charter change

[Point of Law] The elusive constitutional amendments

Francis Lim

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[Point of Law] The elusive constitutional amendments
Should we further delay changes or seize the opportunity at this time?

Following the administration of former president Corazon Aquino, attempts to amend the Constitution, colloquially known as Cha-Cha, have faced skepticism. This skepticism traces its roots back to the fear of perpetuating power, a concern deeply ingrained in the aftermath of the late president Ferdinand Marcos’ term extension after the amendments to the 1935 Constitution.

Despite efforts to focus exclusively on the economic provisions of the Constitution to allay public concerns, these endeavors proved futile. The public perceived these limited amendments as a cover for amendments aimed at prolonging the term of those in power.

Meanwhile, our country’s competitiveness in attracting foreign direct investments (FDI) has suffered. The 2023 Special ASEAN Investment Report by the World Bank and ASEAN shows a stark contrast in FDI inflows, with the Philippines lagging behind at about half compared to ASEAN newcomer Vietnam, which boasts nearly US$18 billion. Singapore, despite its small size and limited natural resources, has attracted US$141 billion in FDI, principally attributed to an enabling legal framework and an investor-friendly business environment.

Our country’s inability to attract substantial FDIs has adversely impacted millions of Filipinos who are now either unemployed or underemployed and living below the poverty line.

Potential compromise

Fast forward to two years into President Ferdinand Marcos, Jr.’s term, Cha-Cha movements have resurfaced. The signature campaign under the People’s Initiative to amend the Constitution is now facing criticism for alleged misuse of public funds and lack of an enabling law.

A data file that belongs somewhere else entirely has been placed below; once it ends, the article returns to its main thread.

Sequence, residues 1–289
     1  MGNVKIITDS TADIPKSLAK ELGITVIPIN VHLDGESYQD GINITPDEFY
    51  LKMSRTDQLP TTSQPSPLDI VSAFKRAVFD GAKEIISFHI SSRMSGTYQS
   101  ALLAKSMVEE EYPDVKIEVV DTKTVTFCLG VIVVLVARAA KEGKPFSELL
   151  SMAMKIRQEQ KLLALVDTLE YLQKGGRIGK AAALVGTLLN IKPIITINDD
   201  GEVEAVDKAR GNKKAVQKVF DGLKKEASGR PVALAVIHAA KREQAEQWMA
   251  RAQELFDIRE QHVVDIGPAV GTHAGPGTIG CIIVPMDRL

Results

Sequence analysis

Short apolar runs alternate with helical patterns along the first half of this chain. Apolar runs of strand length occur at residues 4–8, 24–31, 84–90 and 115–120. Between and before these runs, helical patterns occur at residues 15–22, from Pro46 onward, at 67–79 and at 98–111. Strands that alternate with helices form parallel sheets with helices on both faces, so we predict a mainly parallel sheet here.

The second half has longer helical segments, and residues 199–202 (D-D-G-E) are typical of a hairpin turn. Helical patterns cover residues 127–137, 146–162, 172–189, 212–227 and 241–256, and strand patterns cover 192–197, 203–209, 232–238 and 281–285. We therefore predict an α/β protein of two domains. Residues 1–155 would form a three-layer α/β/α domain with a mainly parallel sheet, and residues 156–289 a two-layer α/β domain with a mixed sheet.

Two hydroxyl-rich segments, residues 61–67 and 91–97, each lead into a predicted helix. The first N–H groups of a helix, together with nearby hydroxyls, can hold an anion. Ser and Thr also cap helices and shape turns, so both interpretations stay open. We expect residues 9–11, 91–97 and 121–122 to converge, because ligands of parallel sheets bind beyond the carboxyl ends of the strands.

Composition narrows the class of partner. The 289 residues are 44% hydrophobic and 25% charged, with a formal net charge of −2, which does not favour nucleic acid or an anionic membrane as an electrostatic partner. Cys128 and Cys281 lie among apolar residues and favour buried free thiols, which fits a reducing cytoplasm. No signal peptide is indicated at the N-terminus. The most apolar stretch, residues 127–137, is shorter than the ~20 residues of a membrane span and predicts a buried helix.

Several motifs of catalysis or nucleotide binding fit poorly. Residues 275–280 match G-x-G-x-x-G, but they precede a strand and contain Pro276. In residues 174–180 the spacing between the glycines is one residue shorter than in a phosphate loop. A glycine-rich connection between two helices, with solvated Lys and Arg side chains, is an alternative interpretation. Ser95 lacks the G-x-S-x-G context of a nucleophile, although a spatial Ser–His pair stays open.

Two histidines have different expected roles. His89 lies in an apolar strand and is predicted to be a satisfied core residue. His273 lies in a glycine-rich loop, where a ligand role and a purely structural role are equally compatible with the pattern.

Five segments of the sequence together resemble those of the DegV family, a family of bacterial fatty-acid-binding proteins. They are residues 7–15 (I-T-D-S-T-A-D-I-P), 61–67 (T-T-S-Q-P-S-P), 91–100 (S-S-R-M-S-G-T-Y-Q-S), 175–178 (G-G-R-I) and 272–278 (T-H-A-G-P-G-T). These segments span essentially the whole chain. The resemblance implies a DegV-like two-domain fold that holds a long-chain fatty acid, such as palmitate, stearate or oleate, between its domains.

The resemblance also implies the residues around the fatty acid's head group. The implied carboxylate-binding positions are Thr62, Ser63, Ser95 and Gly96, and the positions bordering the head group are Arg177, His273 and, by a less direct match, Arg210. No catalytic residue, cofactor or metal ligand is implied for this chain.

Senate President Miguel Zubiri’s proposal for a constituent assembly, focusing on specific economic provisions, is emerging as a potential compromise. This proposal seeks to address public apprehensions about potential political amendments. It is aligned with the approach advocated by former senator Franklin Drilon, ensuring a piecemeal amendment process – with separate votes from each of the Senate and House of Representatives. 

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The system is similar to enacting laws, which requires a three-fourths majority vote for approval of  any amendment, maintains transparency, and provides a crucial check-and-balance mechanism between the two chambers of Congress. Although untested, it can be constitutionally defended.

As the call for amendments to the Constitution emerges once again, a crucial question arises: should we further delay changes to the economic provisions of the Constitution, or should we seize the opportunity at this time?

Regardless, any changes necessitate the approval of our duly-elected representatives in Congress, acting separately through their respective chambers, and, ultimately, the approval of the Filipino people. –

The author is a senior legal counsel of the Angara Abello Concepcion Regala & Cruz Law Offices (ACCRALAW) and chairman of the Justice Reform Initiative. The views expressed in this column are exclusively his personal views.


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  1. ET

    Atty. Francis Lim’s proposal is excellent. But what is genuinely elusive is different from the correct, proper, or relevant constitutional amendments. It is the Trust of the Filipino People to their senators and lower house representatives. Unless this is effectively addressed, it will be easier to amend the 1987 Philippine Constitution.

    1. ET

      Clarification: Unless this is effectively addressed, it will not be easy to amend the 1987 Philippine Constitution. (Sorry)

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